So, you know how when people become inspired by the life or actions of a character on TV or in film, there are always those naysayers who combat the feelings of the newly inspired with, “Oh, but that’s just a movie. Real life isn’t like that”?
Even those who have been inspired will find ways around achieving what they’ve seen others do. “I know it’s only fiction, but…” This preface to whatever we might feel bolstered to bring to life is like a safety net for when we don’t. It’s like saying, “I know this is stupid, but…” Then if it really is stupid, and someone else calls us on it, we can say that yeah, we knew it wouldn’t work out, however much we really thought it might and really wished it would.
Well, what I think, and know it might be stupid and it’s only fiction, but…
So what? So what if the stories we love and want to live are scripted? Is it really so cliché to point out that every day we’re writing the very lines of our own stories? In National Novel Writing Month we learn that writing our stories unscripted is what truly breathes life into them. If we stick to an outline and any preconceived scenes or actions or dialog, then the characters and their choices seem stiff. They might even feel too perfect. That’s when they don’t feel real.
Personally, (and I’m just thinking out loud on my digital paper here, but…) I’d say real life is exactly “like that” – at least, it’s like the really good stories — the ones about realistically drawn characters who have to overcome adversity in order to improve upon their situations in life and who, along the way, improve upon themselves as well. Sure, by the time we read a book or watch a film, we’re seeing the scripted version, the edited finished product, after someone or many someones have come along and chosen which version of a greater story they want to convey to an audience, but isn’t that what we do each and every day when we relate the stories of our lives to our loved ones? We tell them only the good parts — or the bad parts. We don’t give them all of the boring every-day in between stuff, unless we’re trying to frame our story with the humdrums: “I was just driving to work, like I normally do, and I turned on the radio like always…”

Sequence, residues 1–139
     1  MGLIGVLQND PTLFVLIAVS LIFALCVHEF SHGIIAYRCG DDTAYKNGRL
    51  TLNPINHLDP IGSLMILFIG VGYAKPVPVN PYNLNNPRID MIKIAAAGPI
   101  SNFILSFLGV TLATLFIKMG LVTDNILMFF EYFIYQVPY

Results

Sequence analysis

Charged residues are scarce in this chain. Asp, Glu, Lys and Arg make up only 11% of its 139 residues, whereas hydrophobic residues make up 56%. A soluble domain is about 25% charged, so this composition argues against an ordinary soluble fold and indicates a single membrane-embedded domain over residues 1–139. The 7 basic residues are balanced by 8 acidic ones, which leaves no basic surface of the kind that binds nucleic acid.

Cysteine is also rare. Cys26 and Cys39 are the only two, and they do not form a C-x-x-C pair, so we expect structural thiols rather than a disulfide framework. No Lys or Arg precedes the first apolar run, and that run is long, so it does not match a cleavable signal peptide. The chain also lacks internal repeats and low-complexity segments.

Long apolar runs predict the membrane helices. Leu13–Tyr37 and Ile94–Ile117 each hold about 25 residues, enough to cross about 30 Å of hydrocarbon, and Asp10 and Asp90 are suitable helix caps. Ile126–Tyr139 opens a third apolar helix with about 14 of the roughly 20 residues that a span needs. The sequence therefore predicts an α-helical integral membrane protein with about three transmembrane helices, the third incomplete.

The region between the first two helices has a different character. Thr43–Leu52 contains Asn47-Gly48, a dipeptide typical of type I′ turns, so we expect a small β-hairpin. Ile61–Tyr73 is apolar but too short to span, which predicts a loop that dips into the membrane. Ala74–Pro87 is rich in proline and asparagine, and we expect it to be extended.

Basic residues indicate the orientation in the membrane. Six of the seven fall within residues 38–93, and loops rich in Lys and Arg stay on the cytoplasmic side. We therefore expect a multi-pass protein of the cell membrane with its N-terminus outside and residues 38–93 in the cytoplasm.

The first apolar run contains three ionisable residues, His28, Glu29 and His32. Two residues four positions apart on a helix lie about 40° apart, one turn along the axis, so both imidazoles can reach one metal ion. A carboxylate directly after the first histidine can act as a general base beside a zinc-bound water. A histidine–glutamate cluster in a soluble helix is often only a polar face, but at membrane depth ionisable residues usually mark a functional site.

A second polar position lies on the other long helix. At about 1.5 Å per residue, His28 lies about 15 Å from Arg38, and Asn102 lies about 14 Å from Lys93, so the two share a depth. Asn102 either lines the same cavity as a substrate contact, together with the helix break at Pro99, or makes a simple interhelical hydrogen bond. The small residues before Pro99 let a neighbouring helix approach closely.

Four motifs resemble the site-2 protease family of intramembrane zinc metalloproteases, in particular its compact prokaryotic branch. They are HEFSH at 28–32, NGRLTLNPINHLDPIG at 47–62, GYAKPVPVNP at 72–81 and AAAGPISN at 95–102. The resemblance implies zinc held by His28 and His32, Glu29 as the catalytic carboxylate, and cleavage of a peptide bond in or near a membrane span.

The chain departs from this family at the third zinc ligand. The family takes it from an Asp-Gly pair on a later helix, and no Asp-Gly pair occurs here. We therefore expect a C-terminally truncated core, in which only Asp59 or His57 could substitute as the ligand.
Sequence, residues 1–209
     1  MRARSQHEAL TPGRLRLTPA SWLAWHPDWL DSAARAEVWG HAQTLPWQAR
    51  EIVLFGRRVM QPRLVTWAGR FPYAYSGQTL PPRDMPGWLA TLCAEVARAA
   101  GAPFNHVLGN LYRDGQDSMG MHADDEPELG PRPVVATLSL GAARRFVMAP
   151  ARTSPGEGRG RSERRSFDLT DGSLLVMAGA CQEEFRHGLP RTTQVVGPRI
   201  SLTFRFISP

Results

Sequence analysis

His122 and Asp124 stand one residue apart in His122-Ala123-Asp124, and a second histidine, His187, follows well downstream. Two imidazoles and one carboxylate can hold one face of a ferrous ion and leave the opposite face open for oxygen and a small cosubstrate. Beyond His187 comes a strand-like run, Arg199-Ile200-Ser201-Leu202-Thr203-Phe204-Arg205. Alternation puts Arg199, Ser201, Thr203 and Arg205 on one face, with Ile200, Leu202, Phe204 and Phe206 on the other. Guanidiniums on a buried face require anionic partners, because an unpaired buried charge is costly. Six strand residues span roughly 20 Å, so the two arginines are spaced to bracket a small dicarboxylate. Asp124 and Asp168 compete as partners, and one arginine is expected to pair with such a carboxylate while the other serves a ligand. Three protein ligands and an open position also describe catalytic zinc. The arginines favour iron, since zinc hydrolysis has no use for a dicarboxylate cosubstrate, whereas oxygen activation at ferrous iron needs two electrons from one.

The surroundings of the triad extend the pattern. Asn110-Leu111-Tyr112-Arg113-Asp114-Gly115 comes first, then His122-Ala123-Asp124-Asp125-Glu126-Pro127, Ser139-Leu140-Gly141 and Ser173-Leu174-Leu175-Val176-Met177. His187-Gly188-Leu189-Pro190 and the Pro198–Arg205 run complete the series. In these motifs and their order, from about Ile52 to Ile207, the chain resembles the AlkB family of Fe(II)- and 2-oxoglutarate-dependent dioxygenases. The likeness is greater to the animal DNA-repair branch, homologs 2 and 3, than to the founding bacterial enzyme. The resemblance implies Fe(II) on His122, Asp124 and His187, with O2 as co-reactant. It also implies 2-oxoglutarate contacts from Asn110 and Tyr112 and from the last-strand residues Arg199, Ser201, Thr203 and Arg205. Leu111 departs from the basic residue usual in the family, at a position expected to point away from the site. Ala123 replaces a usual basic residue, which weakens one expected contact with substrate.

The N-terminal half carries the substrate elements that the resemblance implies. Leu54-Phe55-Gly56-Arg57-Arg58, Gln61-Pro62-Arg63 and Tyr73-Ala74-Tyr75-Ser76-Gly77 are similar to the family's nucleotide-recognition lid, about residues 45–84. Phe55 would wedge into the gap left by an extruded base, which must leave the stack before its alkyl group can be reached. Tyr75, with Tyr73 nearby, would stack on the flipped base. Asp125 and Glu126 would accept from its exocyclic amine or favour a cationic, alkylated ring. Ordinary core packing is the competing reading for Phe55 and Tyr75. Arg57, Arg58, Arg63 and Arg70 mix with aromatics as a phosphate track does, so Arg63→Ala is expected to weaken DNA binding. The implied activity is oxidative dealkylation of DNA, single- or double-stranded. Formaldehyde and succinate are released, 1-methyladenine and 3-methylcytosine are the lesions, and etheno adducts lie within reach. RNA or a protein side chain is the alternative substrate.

So who cares if you read about someone who broke out of her everyday blah by being determined enough to shoot for something greater? Okay, so it’s just a book, but maybe someday your life will be a book too, a fiction based on real life. The lines in that book or screenplay will be scripted, and they might not be yours, but it’s not really the dialog of our lives that matters anyway. It’s the actions.